The first defintion from the NAS lexicon would support the position that Joseph was an older man who had children from a previous marriage. The second definition serves as evidence that adelphos is indeed used in the New Testament to refer to something other than uterine brother. As a matter of fact, most of the time it is used to refer to something else. St. Paul uses the word repeatedly in reference to fellow believers.
Myth #3: “Jesus had 12 disciples.”
Aslan claims that this myth is based on a misunderstanding of three categories of Jesus’ followers that are spoken of in Scripture as “disciples.” I’m not even sure why Aslan chose to address this. Most Christians I know understand that the term disciple is used interchangeably in the New Testament.
You can usually tell from the context which group of disciples is being referred to. For example, Matthew 8:18 refers to “great crowds around Jesus,” and as Aslan points out, crowds are sometimes referred to as disciples (cf. Lk.14:25-35). But just a few verses later Matthew writes, “And when he got into the boat, his disciples followed him.” Either this was a massive boat capable of holding “great crowds,” or we can more realistically assume that only a few of those who were present followed Jesus into the boat.
When we talk about the twelve disciples, we mean specifically the twelve apostles. That they are referred to as the twelve disciples comes from the Bible (cf. Matt. 10:1, Matt. 11:1, Luke 6:13, Luke 9:1), but it’s no myth there were twelve of them.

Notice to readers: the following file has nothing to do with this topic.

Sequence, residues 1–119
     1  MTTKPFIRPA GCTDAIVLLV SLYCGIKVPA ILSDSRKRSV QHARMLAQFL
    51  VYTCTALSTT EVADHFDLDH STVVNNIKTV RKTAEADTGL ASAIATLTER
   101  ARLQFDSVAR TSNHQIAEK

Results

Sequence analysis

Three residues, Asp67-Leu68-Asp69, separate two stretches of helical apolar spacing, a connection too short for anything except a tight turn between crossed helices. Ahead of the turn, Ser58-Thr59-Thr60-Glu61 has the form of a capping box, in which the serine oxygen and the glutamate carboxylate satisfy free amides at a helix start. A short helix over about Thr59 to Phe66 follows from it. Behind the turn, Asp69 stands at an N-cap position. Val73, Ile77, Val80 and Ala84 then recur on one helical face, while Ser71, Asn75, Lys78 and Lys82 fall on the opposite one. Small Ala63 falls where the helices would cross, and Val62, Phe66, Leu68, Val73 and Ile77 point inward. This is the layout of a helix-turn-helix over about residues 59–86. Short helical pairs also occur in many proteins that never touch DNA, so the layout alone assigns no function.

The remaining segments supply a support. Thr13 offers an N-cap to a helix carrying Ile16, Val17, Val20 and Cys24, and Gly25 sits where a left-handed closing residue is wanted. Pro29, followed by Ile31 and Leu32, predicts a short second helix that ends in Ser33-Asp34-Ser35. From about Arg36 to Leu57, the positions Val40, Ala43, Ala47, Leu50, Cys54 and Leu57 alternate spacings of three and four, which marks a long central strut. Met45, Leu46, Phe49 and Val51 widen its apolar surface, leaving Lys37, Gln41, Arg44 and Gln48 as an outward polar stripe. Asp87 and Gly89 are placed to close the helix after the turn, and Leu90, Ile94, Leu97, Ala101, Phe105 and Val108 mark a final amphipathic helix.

Myth #4: “Jesus had a trial before Pontius Pilate.”
Aslan claims that Jews generally did not receive Roman trials, let alone Jews accused of rebellion. In the article he explains:
In his 10 years as governor of Jerusalem, Pilate eagerly, and without trial, sent thousands to the cross, and the Jews lodged a complaint against him with the Roman emperor.
The truth is that we know very little about Pilate. Jewish philosopher and historian Philo tells us that Pilate was responsible for “executions without trial constantly repeated” (On The Embassy of Gauis, Book 38), but he never specifies the number or manner of executions, and we are not told that Jews never received Roman trials. Our best information comes from the canonical Gospels, and all four agree that Jesus had a trial before Pontius Pilate.
Myth #5: “Jesus was buried in a tomb.”
Aslan asserts that it is highly unlikely Jesus was brought down from the cross and placed in a tomb after the crucifixion. In his opinion, this would have been “an extremely unusual, perhaps unprecedented, act of benevolence on the part of the Romans.”
I don’t see how this could have constituted an “act of benevolence.” Joseph of Arimathea asked Pilate if he could retrieve the body of Jesus. Pilate agreed, but only after confirmation that Jesus was dead (Mark 15:44). It’s not as though the Romans took the body down themselves and handed it over to the disciples. Joseph was a respected member of the Jewish community (Mark 15:43), and we are not told how he persuaded Pilate to release the body; only that he did.
Aslan also claims it is not very likely that Jesus was taken down and placed in a rock-hewn tomb fit for the wealthiest men in Judea because this would be unlike every other criminal crucified by Rome. This is true, but Joseph was a rich man with the means to provide such a tomb (Matt. 27:57), and he was secretly a follower of Jesus (John 19:38).
Aslan’s article (and his book) is nothing more than a rehashing of arguments that have existed for over a century and been answered by countless Christian scholars. If you are seeking a thorough refutation of the idea that the Gospels are not a reliable account of the historical Jesus, I highly recommend reading the series Jesus of Nazareth by Pope Benedict XVI.
Jimmy Akin has produced a great critique of Alsan’s book Zealot that you can listen to here.